PowerPoint and Presenting Stuff

Point, Click & Wow!: Conversation with Claudyne Wilder

Claudyne Wilder is an acclaimed speaker, coach, published author and creator of two seminars: Winning Presentations Seminar and Creating PowerPoint Presentations That Get Your Point Across. She trains executives, entrepreneurs, and professionals in the world’s leading companies on how to coherently and passionately present their messages and share their stories. She brings a unique and invigorating perspective to her work from her years of studying the Argentine Tango.

She discusses her book: Point, Click & Wow in this Indezine exclusive interview.

Geetesh: What did you add to your new book and why did you add it?

Claudyne: I am frequently asked to coach managers who I’m told just can’t speak to senior staff with enough authority and credibility. I added a chapter called “Demonstrate Executive Presence.” This chapter tells you the differences you need to be aware of when speaking to executives. This information is based on my own coaching of clients who spend their days speaking to executives, as well as quotes from executives sharing what they’d like from presenters. The comments by these executives will motivate my readers to focus on the presentation skill set they need in order to convince upper management.

I also included the five paths to persuasion from the book The 5 Paths to Persuasion: The Art of Selling Your Message by Gary Williams and Robert Miller. I share their information on what is the best way to present to each particular path, plus provide ideas about the slides that each type prefers.

Geetesh: What’s one key to presenting to executives?

Claudyne: The presenter needs to give an executive summary of the whole talk. This is a one slide summary of the most important content in the talk. Executives do not want to wait until the end of the ten to twenty minutes to hear your recommendation. They want all the relevant information right up front at the beginning of the talk. My clients love this structure. They get wonderful feedback from the executives when they use it.

Geetesh: What three big problems have you seen with your clients that you addressed in your book?

Claudyne:

  1. Not doing a rehearsal: My clients tell me they feel so much more confident and do such a better job when they really rehearse out loud.

    Presenters, who do not rehearse out loud before a talk do not understand the importance of doing what I call a “real rehearsal.” So in chapter 7 I give them a short and simple process on how to rehearse out loud. I tell them the behaviors to practice. I tell them how to use the rehearse timings in PowerPoint. I provide a rehearsal critique form for the colleagues who listen to the rehearsal talk.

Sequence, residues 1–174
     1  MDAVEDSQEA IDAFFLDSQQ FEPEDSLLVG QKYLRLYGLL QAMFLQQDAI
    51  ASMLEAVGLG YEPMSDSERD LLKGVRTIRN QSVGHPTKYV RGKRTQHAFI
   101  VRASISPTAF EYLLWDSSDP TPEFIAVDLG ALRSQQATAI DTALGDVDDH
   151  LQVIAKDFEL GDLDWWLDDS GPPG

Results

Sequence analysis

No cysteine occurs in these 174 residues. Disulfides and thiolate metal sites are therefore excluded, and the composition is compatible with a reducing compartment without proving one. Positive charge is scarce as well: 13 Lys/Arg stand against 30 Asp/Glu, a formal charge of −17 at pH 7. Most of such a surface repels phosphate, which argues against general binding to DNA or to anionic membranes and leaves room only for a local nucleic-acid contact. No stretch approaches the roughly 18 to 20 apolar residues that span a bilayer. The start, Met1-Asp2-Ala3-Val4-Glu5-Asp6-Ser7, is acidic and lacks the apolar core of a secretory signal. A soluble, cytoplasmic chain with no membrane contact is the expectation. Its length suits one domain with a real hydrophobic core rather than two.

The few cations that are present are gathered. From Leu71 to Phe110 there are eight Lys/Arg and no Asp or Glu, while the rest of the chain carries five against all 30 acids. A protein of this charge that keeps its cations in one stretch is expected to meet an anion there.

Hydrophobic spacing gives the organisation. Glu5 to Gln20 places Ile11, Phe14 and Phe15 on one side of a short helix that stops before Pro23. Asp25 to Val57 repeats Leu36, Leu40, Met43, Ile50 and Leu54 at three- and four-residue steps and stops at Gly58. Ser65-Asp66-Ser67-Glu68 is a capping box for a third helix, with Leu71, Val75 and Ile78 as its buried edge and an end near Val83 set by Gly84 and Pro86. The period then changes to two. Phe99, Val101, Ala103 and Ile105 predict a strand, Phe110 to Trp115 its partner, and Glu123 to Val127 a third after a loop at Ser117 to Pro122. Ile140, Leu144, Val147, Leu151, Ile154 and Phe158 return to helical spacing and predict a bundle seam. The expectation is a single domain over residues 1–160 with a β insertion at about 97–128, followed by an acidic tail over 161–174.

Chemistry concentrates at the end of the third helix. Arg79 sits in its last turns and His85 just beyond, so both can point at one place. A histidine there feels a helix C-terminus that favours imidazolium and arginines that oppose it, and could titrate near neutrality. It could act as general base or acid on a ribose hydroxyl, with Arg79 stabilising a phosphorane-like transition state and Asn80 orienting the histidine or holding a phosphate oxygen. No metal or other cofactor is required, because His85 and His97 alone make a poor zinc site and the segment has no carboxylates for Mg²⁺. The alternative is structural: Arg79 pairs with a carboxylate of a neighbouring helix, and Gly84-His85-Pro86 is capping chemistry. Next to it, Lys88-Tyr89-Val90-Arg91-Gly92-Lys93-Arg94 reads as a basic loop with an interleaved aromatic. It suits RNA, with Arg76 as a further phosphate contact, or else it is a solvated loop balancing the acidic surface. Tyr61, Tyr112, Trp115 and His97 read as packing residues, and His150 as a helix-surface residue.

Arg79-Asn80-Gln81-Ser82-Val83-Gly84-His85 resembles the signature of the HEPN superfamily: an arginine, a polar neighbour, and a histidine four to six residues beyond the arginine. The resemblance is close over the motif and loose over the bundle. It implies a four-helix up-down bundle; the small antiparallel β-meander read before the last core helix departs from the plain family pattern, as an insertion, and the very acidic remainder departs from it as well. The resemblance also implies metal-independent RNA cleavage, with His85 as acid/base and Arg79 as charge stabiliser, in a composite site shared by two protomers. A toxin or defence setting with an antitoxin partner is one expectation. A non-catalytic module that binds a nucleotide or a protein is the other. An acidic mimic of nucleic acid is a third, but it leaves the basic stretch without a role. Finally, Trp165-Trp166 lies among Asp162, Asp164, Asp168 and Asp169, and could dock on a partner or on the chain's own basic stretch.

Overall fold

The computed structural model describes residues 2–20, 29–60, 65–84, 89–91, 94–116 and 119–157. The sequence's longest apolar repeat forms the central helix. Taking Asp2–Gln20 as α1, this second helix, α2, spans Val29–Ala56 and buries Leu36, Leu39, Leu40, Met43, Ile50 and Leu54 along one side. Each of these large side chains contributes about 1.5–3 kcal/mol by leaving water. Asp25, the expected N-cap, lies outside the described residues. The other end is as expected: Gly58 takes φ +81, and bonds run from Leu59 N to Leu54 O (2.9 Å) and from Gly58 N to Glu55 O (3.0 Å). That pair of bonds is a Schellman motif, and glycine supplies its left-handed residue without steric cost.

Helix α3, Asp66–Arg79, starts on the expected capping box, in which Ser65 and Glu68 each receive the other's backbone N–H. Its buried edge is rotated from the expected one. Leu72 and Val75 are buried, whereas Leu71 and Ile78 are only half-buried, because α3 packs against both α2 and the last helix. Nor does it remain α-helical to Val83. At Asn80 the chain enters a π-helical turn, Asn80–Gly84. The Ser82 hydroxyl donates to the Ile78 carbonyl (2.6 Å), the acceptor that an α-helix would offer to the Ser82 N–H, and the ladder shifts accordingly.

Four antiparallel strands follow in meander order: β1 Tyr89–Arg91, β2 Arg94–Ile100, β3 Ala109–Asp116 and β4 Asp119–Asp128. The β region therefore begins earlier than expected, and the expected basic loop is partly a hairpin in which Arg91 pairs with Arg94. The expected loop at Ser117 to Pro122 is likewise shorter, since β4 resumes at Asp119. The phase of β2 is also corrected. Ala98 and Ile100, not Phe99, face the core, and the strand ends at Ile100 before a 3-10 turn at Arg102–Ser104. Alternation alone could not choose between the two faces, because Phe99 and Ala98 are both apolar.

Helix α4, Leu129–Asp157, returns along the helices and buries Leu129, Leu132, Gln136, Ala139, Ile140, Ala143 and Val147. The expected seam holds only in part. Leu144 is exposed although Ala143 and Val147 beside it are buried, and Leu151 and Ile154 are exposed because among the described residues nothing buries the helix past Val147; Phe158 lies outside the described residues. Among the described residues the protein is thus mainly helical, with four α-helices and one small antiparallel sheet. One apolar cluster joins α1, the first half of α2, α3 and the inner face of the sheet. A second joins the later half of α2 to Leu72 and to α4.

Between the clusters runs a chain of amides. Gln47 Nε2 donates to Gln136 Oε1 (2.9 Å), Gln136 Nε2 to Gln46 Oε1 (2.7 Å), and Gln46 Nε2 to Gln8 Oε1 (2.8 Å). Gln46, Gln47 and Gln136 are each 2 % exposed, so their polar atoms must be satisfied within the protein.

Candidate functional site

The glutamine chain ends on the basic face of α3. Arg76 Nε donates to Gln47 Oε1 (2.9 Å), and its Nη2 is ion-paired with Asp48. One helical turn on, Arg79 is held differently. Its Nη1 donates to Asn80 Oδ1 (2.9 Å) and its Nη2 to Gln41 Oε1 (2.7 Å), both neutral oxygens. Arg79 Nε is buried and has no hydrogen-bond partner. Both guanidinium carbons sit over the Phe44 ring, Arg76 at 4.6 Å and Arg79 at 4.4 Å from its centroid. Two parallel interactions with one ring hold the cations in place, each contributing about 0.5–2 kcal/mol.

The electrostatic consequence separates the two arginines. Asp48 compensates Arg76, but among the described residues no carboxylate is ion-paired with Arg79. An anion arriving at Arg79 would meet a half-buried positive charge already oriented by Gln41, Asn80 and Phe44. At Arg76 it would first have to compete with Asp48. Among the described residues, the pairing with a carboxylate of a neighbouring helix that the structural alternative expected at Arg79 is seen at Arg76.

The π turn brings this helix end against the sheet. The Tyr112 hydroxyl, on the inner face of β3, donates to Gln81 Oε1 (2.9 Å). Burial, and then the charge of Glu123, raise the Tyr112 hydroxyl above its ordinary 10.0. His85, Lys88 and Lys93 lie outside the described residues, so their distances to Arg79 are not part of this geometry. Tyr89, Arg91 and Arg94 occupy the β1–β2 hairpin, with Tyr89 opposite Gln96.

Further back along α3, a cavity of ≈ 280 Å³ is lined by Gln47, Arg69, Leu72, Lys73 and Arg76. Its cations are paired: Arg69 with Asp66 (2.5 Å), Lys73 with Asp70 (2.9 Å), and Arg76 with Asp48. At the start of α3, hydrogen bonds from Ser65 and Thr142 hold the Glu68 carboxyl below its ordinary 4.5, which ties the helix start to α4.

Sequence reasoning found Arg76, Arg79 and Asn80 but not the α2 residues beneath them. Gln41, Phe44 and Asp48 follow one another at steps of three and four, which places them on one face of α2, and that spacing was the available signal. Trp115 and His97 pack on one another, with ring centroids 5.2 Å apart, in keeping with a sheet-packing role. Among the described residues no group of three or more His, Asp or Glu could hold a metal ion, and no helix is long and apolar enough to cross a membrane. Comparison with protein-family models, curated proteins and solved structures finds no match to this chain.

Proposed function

2. Wasting time trying to put together professional-looking slides: My clients get so excited when they see these images. They start rearranging and cutting their content.

    In chapter 4 I provide a library of images that the readers can use over and over again in their actual slide presentations. This chapter shows images to use instead of putting line after line of text. It also shows how to “chunk” or arrange information into meaningful bites so that it can be shown in a more organized manner.

  3. Not using a streamlined process for putting together a talk: A client sent me a note recently telling me that he was able to put a talk together in half the time by using my processes.

    I call Point, Click & Wow! The Habits and Techniques of Successful Presenters Your Presentation Coach in a Book. I wrote it in the order of how I coach my clients. I want someone to pick up the book, start at chapter 1 and use each chapter as a guide on how to go about putting together a fabulous talk in the shortest amount of time possible.

Geetesh: If you could have a client just do one idea you suggest, what would that be?

Claudyne: I wish my clients would tell more stories and share less data. Stories give something to the audience they can go tell others. When told with enthusiasm, stories are easy to remember. They enable the presenter to speak more dynamically and emotionally and also engage the emotions of those listening. I tell my readers how to create a plot to go with the story. When my clients use the story process, they start to tell relevant and motivating stories to their audiences.

Categories: books, interviews, powerpoint

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